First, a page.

Bone Girl: Biological anthropologist’s blog blends Classics, Archaeology, and Bioanthropology

Posted on April 13th, 2011 by

HT Sasa for alerting me to this cool blog about archaeology, bioanthropology, and the classical world.

I haven’t been able to spend too much time on it, but there are a lot of interesting posts here.  I especially liked this one entitled “Ancient Riches, Modern Gambling” analyzing the historically themed slot machines. I love, love, love, that she provides actual citations for her data.

Here’s an excerpt:

One theme that I assume connects all of these slot machines together is wealth, riches, or fortune. The two New World civilization ones make that connection explicit, but the rest rely on the assumption of a shared Western knowledge of Graeco-Roman history and Medieval mythology. Were ancient civilizations wealthy, though? Not really. The total GDP (wheat equivalent) of Classical Athens, for example, was 200,000 tons; the Roman Empire at its height was 50,000,000 tons. That sounds impressive until you realize that the GDP of the U.S. in 2009 was 66,000,000,000 tons (Scheidel 2011). Then again, Rome had a $43.4 billion GDP (in equivalent 1990 international dollars) (Scheidel and Friesen 2009), which is about the same as the GDP of, say, New Zealand in 1990.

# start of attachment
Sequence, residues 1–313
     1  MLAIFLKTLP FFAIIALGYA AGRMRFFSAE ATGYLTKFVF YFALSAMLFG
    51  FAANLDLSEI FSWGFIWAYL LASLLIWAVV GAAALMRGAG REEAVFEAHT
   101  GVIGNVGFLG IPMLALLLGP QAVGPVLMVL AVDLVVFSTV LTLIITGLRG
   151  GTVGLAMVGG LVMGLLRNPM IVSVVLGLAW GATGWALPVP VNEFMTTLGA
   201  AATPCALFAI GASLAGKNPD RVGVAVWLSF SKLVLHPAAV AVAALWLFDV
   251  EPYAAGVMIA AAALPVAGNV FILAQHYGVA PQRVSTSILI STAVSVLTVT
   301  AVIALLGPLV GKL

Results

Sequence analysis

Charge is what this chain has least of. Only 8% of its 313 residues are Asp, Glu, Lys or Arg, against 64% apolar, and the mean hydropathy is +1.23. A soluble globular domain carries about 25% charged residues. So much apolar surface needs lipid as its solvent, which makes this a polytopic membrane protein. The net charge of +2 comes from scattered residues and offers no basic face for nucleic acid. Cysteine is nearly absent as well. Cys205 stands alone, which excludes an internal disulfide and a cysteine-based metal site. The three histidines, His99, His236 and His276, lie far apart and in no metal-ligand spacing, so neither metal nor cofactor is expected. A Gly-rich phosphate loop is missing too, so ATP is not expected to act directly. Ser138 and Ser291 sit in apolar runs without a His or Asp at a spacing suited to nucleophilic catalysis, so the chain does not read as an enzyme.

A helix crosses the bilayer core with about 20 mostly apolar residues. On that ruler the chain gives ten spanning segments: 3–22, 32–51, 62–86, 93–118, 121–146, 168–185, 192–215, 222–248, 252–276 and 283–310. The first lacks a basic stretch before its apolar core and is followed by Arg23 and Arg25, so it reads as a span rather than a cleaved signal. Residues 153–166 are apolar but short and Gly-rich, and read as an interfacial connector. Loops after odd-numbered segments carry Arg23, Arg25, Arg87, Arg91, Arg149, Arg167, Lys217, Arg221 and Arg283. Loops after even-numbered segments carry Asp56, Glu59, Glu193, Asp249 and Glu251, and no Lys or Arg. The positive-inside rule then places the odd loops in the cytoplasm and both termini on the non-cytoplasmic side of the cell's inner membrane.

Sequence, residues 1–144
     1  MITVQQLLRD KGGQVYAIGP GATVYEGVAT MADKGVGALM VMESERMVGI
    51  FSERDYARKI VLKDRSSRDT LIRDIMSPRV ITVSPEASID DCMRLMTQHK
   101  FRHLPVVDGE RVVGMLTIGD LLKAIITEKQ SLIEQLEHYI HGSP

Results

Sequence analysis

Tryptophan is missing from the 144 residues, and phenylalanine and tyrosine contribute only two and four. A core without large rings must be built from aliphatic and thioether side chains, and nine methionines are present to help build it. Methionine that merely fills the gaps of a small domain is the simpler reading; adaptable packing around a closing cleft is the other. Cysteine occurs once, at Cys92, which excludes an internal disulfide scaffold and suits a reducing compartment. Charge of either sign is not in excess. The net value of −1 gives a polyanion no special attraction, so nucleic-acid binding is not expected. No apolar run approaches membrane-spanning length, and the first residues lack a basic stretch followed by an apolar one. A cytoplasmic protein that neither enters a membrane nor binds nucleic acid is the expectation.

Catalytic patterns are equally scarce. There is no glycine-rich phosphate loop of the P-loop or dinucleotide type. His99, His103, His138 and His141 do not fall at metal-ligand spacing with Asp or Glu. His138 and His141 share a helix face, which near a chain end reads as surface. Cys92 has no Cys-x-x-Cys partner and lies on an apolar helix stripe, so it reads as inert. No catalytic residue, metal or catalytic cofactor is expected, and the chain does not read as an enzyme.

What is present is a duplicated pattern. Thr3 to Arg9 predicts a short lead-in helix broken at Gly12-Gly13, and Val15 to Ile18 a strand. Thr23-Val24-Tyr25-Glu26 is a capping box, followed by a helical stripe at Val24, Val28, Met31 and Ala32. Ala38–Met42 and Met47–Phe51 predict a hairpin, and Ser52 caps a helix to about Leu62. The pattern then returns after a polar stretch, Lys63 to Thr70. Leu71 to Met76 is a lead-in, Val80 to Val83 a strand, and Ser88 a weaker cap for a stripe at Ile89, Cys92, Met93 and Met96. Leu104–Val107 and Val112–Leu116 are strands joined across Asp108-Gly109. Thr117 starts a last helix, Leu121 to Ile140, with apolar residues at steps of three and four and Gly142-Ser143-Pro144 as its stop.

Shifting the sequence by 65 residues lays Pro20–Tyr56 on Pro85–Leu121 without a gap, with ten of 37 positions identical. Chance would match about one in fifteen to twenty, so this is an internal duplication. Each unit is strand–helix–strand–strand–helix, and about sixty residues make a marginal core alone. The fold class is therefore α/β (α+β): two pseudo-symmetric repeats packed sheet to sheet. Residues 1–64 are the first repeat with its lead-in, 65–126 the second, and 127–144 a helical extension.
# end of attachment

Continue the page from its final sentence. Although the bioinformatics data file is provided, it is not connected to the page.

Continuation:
The connection between riches and the ancient world seems tenuous to me and is based on a fetishization of past cultures, which have been divorced from their sociocultural context and reduced to their material trappings. These so-called riches and fortunes are based on our collective Western notions of what constitutes art and what is valuable. I did not see, for example, slot machines with themes of Native American or African cultures, those we still tend to view as “traditional” and “primitive.” The ancient world that has been chosen as representative of historic riches is one that is predominately male, white, and European – a description that also applies to today’s wealth distribution.



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